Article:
Disclosure Management Buyer's Guide
This guide provides a high summary overview of Disclosure Management including many of the difficulties that we’ve seen users experience combined with practical advice on the process of selecting the best Disclosure Management software and the key features users should look for.
Buying Disclosure Management software has its challenges
Whatever route you go, SEEING IS BELIEVING. Case studies and customer success stories are valuable and earn their place in the process, but vendors have a tendency to only showcase their most successful projects.
Every credible vendor will be willing to demonstrate their product and be scrutinised by your subject matter experts to evidence that their software can meet your most intricate requirements.
What is Disclosure Management?
Disclosure management is the process of collating your financial results and capturing commentary when producing anything from board or management report packs to statutory and regulatory reports, typically after you have completed your group consolidation process.
The process is often referred to as ‘the last mile of finance’ and it finds its place between Corporate Performance Management (CPM) and Governance, Risk and Compliance (GRC) processes. It has historically been an arduous process, but specialist software can help automate and streamline these processes to reduce the time it takes to produce these reports as well as improve accuracy and control by reducing manual ‘copy + paste’ steps required by finance teams.
Companies of varying sizes from every industry that need to prepare reports on a periodic basis can benefit from a structured disclosure management process with a well-rounded disclosure management tool. Some examples include:
How should I go about selecting the
best Disclosure Management software?
Identify your principal requirements before you start looking at vendors – refer to the ‘Top 10 Features’ section to discover the typical capabilities that businesses normally look for. It may be useful to read our iXBRL Reporting buyer’s guide.
Vendors will typically provide their own consultants or point you in the direction of their implementation partners. Verify that these consultants have proven experience and product knowledge. After all, a fantastic solution implemented poorly, is a poor solution.
We have simplified this process by including the main Disclosure Management contenders and their relevant features for free on our site. Book demos here with one or more vendors and we will facilitate the process and insulate you from the initial sales hassle.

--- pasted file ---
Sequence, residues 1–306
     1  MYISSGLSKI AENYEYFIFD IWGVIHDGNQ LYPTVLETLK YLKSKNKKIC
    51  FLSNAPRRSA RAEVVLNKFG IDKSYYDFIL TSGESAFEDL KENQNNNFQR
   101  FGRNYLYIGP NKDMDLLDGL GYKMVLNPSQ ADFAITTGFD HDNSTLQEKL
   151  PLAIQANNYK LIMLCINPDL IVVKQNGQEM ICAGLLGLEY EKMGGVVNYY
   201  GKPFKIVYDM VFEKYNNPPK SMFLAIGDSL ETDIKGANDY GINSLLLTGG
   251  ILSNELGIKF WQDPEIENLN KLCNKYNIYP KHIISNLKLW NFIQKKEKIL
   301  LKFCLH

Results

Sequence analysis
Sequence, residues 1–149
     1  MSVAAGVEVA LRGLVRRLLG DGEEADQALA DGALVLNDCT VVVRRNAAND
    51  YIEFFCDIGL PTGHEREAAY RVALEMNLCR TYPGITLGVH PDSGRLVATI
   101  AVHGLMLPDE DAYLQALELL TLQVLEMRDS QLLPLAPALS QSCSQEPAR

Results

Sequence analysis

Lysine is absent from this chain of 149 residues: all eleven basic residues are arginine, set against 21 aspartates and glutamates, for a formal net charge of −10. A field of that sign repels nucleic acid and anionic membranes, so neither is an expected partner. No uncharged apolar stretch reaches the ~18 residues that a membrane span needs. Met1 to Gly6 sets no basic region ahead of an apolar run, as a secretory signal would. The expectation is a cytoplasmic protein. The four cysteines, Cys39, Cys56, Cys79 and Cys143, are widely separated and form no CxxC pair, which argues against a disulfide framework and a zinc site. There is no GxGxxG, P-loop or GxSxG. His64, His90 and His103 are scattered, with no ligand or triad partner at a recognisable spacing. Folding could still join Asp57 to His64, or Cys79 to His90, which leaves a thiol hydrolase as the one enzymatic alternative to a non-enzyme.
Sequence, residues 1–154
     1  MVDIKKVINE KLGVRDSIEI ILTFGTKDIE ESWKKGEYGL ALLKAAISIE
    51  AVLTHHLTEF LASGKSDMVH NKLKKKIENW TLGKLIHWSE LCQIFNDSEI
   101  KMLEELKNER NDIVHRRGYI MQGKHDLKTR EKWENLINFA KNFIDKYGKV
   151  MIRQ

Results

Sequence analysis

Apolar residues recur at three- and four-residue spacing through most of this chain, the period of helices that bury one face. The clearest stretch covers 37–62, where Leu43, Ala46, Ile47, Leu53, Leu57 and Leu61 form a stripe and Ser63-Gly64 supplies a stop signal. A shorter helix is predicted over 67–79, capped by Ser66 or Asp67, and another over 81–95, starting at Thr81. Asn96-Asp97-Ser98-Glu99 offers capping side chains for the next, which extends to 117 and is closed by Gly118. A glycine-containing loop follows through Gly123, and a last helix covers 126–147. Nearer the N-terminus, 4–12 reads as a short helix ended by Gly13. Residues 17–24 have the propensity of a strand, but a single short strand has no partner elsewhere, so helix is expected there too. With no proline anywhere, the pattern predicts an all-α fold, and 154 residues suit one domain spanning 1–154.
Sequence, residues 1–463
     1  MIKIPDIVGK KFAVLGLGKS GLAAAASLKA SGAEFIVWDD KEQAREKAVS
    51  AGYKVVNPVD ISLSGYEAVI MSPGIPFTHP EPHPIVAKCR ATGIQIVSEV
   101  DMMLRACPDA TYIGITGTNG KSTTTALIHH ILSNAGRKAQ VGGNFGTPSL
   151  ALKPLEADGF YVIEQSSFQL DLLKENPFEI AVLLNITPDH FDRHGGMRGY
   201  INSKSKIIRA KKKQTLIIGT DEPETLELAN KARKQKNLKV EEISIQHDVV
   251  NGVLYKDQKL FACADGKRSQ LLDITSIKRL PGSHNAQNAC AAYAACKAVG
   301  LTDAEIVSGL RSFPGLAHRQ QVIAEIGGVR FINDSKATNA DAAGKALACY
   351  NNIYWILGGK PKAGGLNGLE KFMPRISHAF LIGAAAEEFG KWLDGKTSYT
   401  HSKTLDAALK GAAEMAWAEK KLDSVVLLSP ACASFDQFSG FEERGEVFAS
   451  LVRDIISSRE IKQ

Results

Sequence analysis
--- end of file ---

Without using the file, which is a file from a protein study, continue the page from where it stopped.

Far too often training is dropped as “cost-saving exercise”. Ensure you spend the time training your staff on the software – it will greatly increase the adoption rate across your business and reduce your reliance on expensive variable resource in the future.
Engage with all stakeholders (Procurement, IT, Finance & Actuarial) to determine your final requirements and perform your full software and vendor due diligence. Use our free tailorable Request For Proposal (RFP) pack to get you started.
Purchasing an annual support package from the vendor or an implementation partner can be more cost effective than trying to manage it all yourself. Look for packages that include bug fixes and managed software upgrades.
What are the challenges of
Disclosure reports such as the Annual Report and Accounts or Board Packs include a variety of financial and non-financial data. Setting up and maintaining efficient integration with a selection of different platforms can be challenging, especially for multi-listed companies with complicated statutory and regulatory reporting landscapes.
Reporting documents can often require input from multiple business functions including finance, risk, compliance, tax, company secretarial, actuarial, etc. Defining a collaborative, governed, working environment where these contributors can work together and communicate efficiently to overcome interdependencies and overlapping deadlines is not easy.
Ensuring consistency between different parts of the same document requires an understanding of the whole document and a keen eye for detail. Data may be inconsistent across source systems and results also tend to be scaled, be it to thousands, millions, or even billions for some of the largest organisations. This may introduce casting errors where the sum of all parts does not necessarily equal the total, or discrepancies where tables are rounded differently. Manual adjustments or journals may be required to keep the data in check. The time it takes to identify and correct these errors whilst ensuring that cross chapter references to the same value remain intact cannot be underestimated.